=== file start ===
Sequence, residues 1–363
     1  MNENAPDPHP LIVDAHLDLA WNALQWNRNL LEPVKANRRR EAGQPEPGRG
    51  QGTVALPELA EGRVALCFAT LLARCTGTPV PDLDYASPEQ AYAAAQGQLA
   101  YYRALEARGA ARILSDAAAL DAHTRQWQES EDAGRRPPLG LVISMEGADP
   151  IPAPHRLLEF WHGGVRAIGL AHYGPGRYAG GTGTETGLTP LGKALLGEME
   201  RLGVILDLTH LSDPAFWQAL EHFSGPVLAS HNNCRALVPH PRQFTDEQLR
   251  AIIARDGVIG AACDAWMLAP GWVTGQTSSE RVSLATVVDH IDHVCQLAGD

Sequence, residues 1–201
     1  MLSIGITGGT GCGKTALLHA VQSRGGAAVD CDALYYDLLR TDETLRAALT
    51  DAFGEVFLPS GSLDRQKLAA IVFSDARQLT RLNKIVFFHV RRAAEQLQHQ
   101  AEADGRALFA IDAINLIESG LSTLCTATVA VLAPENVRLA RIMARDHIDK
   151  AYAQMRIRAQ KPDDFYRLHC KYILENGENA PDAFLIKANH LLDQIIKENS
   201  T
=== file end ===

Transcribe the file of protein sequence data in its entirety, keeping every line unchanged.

Sequence, residues 1–363
     1  MNENAPDPHP LIVDAHLDLA WNALQWNRNL LEPVKANRRR EAGQPEPGRG
    51  QGTVALPELA EGRVALCFAT LLARCTGTPV PDLDYASPEQ AYAAAQGQLA
   101  YYRALEARGA ARILSDAAAL DAHTRQWQES EDAGRRPPLG LVISMEGADP
   151  IPAPHRLLEF WHGGVRAIGL AHYGPGRYAG GTGTETGLTP LGKALLGEME
   201  RLGVILDLTH LSDPAFWQAL EHFSGPVLAS HNNCRALVPH PRQFTDEQLR
   251  AIIARDGVIG AACDAWMLAP GWVTGQTSSE RVSLATVVDH IDHVCQLAGD

Sequence, residues 1–201
     1  MLSIGITGGT GCGKTALLHA VQSRGGAAVD CDALYYDLLR TDETLRAALT
    51  DAFGEVFLPS GSLDRQKLAA IVFSDARQLT RLNKIVFFHV RRAAEQLQHQ
   101  AEADGRALFA IDAINLIESG LSTLCTATVA VLAPENVRLA RIMARDHIDK
   151  AYAQMRIRAQ KPDDFYRLHC KYILENGENA PDAFLIKANH LLDQIIKENS
   201  T